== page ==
Money and the Academy: Academic Freedom at Meredith College
Fall 2004: Pres. Hartford makes initial inquiry to John Allison, Chairman and CEO of BB&T about applying for funding from the BB&T Foundation.
Oct. 21, 2004: Mr. Allison encourages Pres. Hartford, telling her that independent colleges like Meredith might expect a “$250,000 five year contribution” used for a purpose such as that found at other schools funded by the Foundation.
February 9, 2005: Pres. Hartford submits a proposal for $447,000 over five years to the BB&T Foundation. This proposal was developed by Dr. Hartford, members of Institutional Advancement, and two faculty members (an Assoc. Prof. of Religion & Philosophy and an Ass’t Prof. of Business). These professors developed a new course, including the course description and how the money would be spent. This was a detailed and far-ranging proposal that anticipated a joint appointment between the Depts. of Business and Religion & Philosophy.
Spring 2005: This first proposal was not approved by Mr. Allison.
Summer 2005: Pres. Hartford, the Ass’t Prof. of Business, and the Dean of Special Programs began work on a new proposal.
July 1, 2005: A new proposal was sent to BB&T asking for “$450,000 over the next five years to support the study of capitalism.” This alternate proposal did not include a joint appointment between the two departments and instead directed the gift to the Honors Program. This proposal:
August 8, 2005: Mr. John Allison of BB&T bestowed a $420,000 contribution to Meredith payable over 7 years in $60,000 annual installments beginning Oct. 2005. The funds provided are to be used as outlined in the proposal as sent by Dr. Hartford on July 1, 2005.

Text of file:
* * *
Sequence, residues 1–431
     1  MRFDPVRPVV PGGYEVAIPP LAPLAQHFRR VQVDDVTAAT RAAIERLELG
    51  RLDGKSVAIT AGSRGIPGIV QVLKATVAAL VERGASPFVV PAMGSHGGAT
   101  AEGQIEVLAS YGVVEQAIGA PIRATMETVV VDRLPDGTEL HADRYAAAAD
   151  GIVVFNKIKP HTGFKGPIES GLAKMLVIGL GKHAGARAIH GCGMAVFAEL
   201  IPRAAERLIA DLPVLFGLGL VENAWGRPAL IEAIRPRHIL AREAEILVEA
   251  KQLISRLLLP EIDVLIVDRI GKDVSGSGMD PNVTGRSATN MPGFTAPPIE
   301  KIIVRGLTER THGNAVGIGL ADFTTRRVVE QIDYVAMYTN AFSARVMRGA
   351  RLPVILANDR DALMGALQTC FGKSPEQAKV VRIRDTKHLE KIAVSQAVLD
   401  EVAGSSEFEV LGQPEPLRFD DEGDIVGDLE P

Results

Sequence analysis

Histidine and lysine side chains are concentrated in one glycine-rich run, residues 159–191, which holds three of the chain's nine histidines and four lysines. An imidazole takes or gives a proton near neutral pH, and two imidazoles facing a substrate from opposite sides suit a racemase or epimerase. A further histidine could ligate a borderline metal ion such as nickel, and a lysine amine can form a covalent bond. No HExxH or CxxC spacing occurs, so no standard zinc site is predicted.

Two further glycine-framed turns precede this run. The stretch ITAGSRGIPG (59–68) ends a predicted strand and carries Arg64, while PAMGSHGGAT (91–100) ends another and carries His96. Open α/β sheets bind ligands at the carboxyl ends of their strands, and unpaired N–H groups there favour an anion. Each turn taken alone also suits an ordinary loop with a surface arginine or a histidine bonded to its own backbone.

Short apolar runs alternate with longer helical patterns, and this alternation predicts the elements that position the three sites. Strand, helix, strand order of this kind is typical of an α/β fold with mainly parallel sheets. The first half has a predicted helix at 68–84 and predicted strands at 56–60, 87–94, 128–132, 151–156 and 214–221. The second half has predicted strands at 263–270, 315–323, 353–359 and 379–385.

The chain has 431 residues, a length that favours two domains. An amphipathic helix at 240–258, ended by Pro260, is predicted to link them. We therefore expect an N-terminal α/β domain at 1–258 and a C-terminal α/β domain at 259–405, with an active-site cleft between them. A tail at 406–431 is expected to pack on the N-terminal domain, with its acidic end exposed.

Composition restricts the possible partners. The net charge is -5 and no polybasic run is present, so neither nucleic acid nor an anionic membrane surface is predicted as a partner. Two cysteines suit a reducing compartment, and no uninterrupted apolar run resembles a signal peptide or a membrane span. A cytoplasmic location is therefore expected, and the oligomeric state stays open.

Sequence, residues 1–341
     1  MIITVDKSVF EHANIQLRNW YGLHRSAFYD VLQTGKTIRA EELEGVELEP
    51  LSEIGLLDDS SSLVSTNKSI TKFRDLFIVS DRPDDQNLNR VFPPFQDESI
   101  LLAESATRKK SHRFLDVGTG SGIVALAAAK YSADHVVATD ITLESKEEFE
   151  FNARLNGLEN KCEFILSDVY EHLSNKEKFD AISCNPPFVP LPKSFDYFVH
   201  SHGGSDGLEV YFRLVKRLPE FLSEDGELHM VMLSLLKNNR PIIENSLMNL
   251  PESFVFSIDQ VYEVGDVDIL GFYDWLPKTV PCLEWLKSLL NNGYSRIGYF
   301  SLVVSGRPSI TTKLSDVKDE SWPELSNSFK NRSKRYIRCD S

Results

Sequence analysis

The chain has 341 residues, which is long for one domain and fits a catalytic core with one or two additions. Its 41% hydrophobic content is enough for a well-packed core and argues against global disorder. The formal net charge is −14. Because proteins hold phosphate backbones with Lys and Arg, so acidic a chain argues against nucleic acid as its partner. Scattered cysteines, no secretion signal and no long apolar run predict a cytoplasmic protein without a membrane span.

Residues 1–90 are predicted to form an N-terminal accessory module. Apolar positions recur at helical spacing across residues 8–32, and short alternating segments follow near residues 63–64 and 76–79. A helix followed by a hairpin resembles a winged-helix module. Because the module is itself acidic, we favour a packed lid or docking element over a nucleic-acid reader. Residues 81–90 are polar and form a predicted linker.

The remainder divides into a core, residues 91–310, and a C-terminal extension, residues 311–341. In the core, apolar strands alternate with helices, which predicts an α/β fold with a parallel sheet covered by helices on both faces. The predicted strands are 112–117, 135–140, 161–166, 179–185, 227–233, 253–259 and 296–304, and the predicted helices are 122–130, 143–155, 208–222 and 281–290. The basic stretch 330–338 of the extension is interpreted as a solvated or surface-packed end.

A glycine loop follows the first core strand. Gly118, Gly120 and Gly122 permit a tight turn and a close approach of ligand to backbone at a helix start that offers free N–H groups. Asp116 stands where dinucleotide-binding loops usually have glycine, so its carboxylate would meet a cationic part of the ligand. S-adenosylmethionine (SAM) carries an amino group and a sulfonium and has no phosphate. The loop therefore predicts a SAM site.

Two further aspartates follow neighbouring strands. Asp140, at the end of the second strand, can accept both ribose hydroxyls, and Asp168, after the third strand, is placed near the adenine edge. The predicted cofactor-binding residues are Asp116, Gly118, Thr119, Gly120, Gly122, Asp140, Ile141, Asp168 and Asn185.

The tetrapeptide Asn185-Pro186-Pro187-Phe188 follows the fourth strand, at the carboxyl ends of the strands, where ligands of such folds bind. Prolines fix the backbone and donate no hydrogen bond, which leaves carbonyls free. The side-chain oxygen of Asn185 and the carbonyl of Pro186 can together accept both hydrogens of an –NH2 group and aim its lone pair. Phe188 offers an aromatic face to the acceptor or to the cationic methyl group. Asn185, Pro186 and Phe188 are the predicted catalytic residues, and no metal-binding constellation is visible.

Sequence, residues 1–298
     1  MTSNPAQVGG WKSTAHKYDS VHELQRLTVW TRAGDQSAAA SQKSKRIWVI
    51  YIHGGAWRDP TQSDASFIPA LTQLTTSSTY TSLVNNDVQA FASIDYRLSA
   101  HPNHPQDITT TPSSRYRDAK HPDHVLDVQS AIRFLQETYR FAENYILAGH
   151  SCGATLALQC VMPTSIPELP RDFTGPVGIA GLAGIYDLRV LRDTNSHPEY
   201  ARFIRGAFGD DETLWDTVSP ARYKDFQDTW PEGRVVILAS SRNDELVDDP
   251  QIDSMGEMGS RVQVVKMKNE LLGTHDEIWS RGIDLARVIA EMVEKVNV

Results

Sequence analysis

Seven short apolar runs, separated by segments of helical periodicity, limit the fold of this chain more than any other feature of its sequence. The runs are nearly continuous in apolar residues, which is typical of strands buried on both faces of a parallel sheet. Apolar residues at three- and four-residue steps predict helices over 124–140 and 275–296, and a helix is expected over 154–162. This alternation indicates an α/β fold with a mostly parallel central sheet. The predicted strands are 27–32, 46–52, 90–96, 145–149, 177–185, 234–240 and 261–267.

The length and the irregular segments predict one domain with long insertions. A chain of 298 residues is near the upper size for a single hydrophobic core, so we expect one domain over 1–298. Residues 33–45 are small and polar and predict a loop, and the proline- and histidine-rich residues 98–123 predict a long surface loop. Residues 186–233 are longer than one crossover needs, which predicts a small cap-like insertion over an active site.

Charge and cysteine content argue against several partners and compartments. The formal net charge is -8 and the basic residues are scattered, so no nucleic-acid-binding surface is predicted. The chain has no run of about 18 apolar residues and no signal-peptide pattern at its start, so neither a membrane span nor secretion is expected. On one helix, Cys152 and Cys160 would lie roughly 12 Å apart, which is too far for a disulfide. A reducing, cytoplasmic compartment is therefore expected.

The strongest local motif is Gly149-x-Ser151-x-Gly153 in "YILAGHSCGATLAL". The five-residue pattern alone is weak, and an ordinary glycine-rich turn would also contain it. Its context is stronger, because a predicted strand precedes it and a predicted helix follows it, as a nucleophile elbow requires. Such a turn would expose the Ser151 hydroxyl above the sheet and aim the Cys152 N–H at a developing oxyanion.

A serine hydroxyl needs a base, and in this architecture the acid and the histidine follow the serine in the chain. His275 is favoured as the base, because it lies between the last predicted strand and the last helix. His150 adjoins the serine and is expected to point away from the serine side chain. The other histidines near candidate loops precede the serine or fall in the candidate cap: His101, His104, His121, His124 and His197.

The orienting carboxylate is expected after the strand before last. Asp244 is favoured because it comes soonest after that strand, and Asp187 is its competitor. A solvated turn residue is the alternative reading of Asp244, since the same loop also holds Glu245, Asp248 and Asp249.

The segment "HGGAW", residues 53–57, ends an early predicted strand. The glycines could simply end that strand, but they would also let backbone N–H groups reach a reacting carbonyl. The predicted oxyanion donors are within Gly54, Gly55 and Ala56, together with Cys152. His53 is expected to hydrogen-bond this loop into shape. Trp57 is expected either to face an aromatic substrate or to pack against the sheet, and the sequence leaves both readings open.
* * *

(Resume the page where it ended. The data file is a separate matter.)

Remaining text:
Fall 2005: Honors Program Committee begins discussions about the BB&T gift.
November 2005: Honors Program Committee is divided and requests for Faculty Affairs Committee (FAC) to make a decision regarding whether the College should accept this gift.
December 9, 2005: At a joint meeting of the FAC and the newly-formed Faculty Council, FAC took a vote on the decision of whether to accept the BB&T gift with the conditions (excerpts of report below).
1. We consider the process that led to the college’s accepting the current terms of the grant to have been seriously flawed. The College Handbook clearly states that the faculty is responsible for curriculum, and FAC firmly maintains that no funds should be accepted in situations where a donor appears to have played any role in curricular decisions. …
2. However, since the current agreement was made at a time when we had no specific procedure in place addressing how and when an elected body of the faculty will become involved when a gift is tied to any curricular issue, FAC proposes that we accept the BB&T honors gift on the condition that the honors colloquium … pass review by the Academic Council before … [it] is offered. We see this as a positive solution to the concern about this flawed process… .
April 4, 2006:
Academic Council approved the course along with a resolution (reading in
“that the faculty teaching this course … are free to design the course with no pre-conditions. Faculty teaching the course must have the freedom to choose appropriate readings and other course materials within the guidelines of academic freedom and academic responsibility. Further be it resolved that any funding obtained for the College that includes conditions that the Faculty interpret to be restrictions on academic freedom cannot be used to support the development and implementation of this course or any course.”
April 6, 2006: Documents concerning the BB&T gift were shared with a local reporter.
April 7, 2006: At the All-College Faculty meeting faculty voted to both approve Academic Council’s recommendation to add the course to the College Catalog and also to adopt the resolution that was issued by Academic Council.
Fall 2006: BB&T rescinded the remainder of the grant.